Photo by Matt Stensland
Steamboat Springs High School junior Ty Hvambsal will use data from a survey for his senior project to express that not all students use drugs and alcohol.
Steamboat Springs The Steamboat Springs City Council's narrow defeat of the social host ordinance last month managed to slow the work of the Excellence Project, but it did not stop the goals of the organization.
Following the 3-3 defeat of the bill, by lack of a majority Dec. 16, the Excellence Project has started to regroup and focus on new efforts, though it seems unlikely the group again will approach the City Council any time soon. The Excellence Project is a community collaboration - including parents, teachers and counselors - to curb underage drinking.
Colleen Lyon, a member of the group, said the ordinance managed to shift some views and successfully increased awareness of teen drinking in Steamboat Springs, despite its failure in Centennial Hall.
"Obviously, we were disappointed, and I think we were more concerned about the message that sends to the community - that the City Council doesn't back the ordinance," she said. "But it raised the issue, and whether that ordinance is a step the community wants to move in or not, I think the community came forward, and it raised the issue of underage drinking."
But without the support of ordinances, Lyon said, the education can fall flat.
"We can't just focus on education and awareness; it also has to focus on the environment the kids are growing up in, whether it's how many liquor establishments we have in town per capita or enforcing keg registration."
School Resource Officer Josh Carrell, a constant presence at Steamboat Springs High School and also a member of the Excellence Project, said he would like to see the City Council resurrect the issue in the future.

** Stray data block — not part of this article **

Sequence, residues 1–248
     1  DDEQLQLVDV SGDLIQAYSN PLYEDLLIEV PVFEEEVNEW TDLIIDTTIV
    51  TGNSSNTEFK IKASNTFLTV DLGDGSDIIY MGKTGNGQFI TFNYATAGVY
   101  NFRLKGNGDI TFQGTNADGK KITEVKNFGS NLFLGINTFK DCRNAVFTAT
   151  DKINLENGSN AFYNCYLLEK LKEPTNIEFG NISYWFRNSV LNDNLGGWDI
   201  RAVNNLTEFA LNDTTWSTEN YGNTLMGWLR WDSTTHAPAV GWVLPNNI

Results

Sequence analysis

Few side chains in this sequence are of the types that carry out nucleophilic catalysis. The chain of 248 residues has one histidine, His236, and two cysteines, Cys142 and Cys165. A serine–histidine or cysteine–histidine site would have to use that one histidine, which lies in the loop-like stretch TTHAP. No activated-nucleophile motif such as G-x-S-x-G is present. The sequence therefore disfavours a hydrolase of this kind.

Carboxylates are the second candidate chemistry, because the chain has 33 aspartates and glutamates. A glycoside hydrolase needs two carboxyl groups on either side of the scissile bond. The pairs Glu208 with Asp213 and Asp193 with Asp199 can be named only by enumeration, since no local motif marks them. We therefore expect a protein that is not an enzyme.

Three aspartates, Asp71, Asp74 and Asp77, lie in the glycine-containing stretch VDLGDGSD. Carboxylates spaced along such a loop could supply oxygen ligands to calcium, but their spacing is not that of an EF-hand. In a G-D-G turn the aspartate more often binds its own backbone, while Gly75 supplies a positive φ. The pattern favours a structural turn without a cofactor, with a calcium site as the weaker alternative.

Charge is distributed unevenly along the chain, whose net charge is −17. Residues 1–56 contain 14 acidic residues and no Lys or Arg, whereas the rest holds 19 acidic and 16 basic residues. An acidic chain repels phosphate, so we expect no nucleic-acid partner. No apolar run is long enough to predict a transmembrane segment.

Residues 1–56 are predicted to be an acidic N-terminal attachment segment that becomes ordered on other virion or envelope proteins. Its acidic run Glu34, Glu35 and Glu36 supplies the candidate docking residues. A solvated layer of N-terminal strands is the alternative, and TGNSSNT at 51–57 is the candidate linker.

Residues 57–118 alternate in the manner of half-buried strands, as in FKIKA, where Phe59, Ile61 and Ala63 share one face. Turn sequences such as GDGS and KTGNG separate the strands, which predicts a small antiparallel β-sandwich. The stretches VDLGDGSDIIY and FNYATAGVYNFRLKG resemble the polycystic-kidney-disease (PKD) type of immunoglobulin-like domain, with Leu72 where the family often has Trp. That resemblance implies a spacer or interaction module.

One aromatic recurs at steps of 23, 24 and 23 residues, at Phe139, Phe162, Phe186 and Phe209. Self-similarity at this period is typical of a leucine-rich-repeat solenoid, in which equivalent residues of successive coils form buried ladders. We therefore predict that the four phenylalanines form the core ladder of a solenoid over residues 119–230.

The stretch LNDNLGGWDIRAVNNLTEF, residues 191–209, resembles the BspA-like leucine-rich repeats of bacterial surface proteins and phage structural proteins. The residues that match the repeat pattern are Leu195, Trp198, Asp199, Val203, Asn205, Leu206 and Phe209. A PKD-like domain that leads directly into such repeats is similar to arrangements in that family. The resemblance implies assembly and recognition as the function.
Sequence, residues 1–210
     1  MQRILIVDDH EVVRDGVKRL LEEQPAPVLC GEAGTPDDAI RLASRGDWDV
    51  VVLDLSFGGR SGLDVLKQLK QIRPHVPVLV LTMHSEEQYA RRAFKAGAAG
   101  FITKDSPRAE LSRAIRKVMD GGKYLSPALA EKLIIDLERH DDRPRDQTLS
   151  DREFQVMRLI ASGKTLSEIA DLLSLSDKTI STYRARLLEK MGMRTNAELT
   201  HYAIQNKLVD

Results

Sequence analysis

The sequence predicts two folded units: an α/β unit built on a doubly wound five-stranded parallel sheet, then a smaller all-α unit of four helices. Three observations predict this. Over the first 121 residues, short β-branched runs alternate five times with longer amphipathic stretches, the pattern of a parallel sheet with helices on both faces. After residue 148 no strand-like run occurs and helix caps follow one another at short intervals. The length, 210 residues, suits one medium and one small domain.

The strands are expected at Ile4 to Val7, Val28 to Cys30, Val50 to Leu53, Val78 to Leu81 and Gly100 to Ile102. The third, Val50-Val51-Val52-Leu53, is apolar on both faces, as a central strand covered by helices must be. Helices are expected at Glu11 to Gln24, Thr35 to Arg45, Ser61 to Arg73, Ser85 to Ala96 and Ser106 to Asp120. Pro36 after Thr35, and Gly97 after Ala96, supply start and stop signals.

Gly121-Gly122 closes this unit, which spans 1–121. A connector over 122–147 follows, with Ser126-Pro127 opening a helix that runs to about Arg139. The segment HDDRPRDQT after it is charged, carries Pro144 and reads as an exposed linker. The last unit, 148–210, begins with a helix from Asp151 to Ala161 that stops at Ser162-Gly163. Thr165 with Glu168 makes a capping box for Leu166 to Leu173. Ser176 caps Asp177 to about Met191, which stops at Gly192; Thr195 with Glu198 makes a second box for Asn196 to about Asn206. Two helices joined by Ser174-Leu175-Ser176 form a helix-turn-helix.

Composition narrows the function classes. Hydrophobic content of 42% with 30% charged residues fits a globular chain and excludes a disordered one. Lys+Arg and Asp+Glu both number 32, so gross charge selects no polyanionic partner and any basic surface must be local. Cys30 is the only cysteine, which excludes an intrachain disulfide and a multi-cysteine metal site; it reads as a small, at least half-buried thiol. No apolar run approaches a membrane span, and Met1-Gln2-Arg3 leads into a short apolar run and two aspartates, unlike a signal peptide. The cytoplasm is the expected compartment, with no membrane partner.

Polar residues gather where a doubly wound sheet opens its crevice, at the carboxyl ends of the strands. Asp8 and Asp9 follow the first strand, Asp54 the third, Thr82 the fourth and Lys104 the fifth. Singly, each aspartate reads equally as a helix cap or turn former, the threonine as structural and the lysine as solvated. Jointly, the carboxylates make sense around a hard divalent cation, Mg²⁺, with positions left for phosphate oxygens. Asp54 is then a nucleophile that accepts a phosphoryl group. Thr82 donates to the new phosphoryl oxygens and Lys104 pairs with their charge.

"I think it's a tool to keep in the back of their minds and bring back to help the youths in this town," he said.
The group instead will focus on "changing social norms" at the high school to demonstrate to students that drinking and drug abuse is not the standard behavior.
The idea, Carrell said, is to reinforce positive behaviors and let students know that although it may seem that many of their peers drink and abuse drugs, a majority do not.
"What people were finding is, the whole negative approach to information isn't beneficial," he said.
The project is enlisting students, including junior Ty Hvambsal, to approach the project from a student's perspective.
For his senior project, Hvambsal is going to create an awareness campaign using figures from the Healthy Kids Colorado survey showing what "normal" behavior looks like.
"If you focus too much on the negatives (the students) won't think they can change," he said.
Hvambsal and Carrell also are members of the Grand Futures Prevention Coalition board. Lyon is the director of the coalition.
Carrell said projects such as Hvambsal's are important, even if the ordinance never takes effect, because it is a step in the effort to change community perception.
"If you're going to change a culture, it takes a lot of time," Carrell said.